Open Access Dissertation
Date of Award
Mark A. Lumley
Social networking-based groups such as Facebook groups have become increasingly popular among people with chronic conditions, and the affordances of such groups make them a promising platform for chronic disease intervention. Yet, there have been few controlled tests of the effects of social networking-based groups. Our team developed a Facebook-based intervention that focuses on enhancing social support by connecting adults with peers who also have chronic pain. Using a randomized controlled clinical trial, we aimed to understand the efficacy of this intervention and to explore whether a professional-led support group leads to greater effects than a support group alone. The study sample included 119 adults with chronic nonmalignant pain. Participants were randomly assigned to one of two conditions: (1) a control condition (peer-led Facebook group; n = 60) in which participants were instructed to offer mutual support for the duration of the group and (2) an experimental condition (professional-led Facebook group; n = 59) in which the investigators disseminated several training components that were selected based on research on social and emotional influences on pain. Participants engaged in their assigned Facebook group for four weeks and completed a battery of measures at baseline, weekly, post-intervention, and 1-month follow-up. Across conditions, participants showed significant reductions in pain severity, pain interference, and depressive symptoms after participating in their Facebook groups for four weeks (medium to large effects). Participants retained their outcomes one month after the Facebook groups ended, and those in the professional-led Facebook groups continued to improve significantly in pain interference. The overall sample did not show significant reductions in anxiety symptoms at post-intervention or 1-month follow-up, but greater Facebook group use was associated with lower anxiety at post-intervention. Between-group analyses showed no significant differences between conditions at post-intervention or 1-month follow-up. Findings from this study indicate that Facebook-based support groups may be beneficial and enjoyable for adults with chronic pain, particularly those who feel unsupported or invalidated by friends and family, are ambivalent about expressing emotions, and have chronic primary pain. There was little evidence of adverse events. Thus, this study supports the use of Facebook-based support groups as an additional tool to address chronic pain and its impact on mood and functioning. Quality improvement studies are needed to enhance and test this novel experimental intervention, which could potentially reduce barriers to treatment for this critical public health problem.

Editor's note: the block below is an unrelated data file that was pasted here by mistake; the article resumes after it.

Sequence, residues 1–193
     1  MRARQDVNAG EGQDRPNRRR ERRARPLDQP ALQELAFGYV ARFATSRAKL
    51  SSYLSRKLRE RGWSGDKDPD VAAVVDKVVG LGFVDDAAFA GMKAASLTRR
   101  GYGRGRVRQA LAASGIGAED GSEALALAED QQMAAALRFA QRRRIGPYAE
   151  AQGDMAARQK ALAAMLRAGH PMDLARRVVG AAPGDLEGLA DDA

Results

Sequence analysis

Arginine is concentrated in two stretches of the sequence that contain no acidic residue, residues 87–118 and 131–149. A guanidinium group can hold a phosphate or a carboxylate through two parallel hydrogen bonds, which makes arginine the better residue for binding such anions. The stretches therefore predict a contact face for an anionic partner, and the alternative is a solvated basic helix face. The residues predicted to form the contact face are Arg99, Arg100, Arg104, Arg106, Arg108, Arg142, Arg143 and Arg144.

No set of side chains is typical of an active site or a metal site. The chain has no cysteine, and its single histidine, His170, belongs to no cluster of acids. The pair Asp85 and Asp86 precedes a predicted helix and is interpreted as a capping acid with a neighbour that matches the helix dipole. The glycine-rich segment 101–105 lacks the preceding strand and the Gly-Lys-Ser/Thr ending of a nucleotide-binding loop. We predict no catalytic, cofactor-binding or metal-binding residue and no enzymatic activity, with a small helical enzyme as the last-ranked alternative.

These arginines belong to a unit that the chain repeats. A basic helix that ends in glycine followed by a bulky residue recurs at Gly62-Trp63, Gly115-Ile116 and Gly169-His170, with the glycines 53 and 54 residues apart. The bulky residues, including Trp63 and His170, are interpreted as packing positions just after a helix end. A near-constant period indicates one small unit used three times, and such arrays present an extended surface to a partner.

Pester, Bethany Danielle, "The Efficacy Of A Novel Facebook-Based Psychosocial Intervention For Adults With Chronic Pain: A Randomized Clinical Trial" (2021). Wayne State University Dissertations. 3451.